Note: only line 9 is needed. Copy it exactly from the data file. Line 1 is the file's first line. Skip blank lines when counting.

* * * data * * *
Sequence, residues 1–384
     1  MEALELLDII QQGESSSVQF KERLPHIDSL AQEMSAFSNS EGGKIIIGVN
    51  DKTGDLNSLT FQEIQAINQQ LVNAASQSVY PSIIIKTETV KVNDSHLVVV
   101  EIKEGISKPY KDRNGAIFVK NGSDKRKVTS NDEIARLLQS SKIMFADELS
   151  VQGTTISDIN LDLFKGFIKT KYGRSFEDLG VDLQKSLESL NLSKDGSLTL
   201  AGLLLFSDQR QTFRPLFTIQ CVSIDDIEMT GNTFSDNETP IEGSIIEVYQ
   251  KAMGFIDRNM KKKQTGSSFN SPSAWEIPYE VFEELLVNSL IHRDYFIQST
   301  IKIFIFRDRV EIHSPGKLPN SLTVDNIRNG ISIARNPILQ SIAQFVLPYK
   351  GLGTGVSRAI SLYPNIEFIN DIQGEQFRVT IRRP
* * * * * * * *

   351  GLGTGVSRAI SLYPNIEFIN DIQGEQFRVT IRRP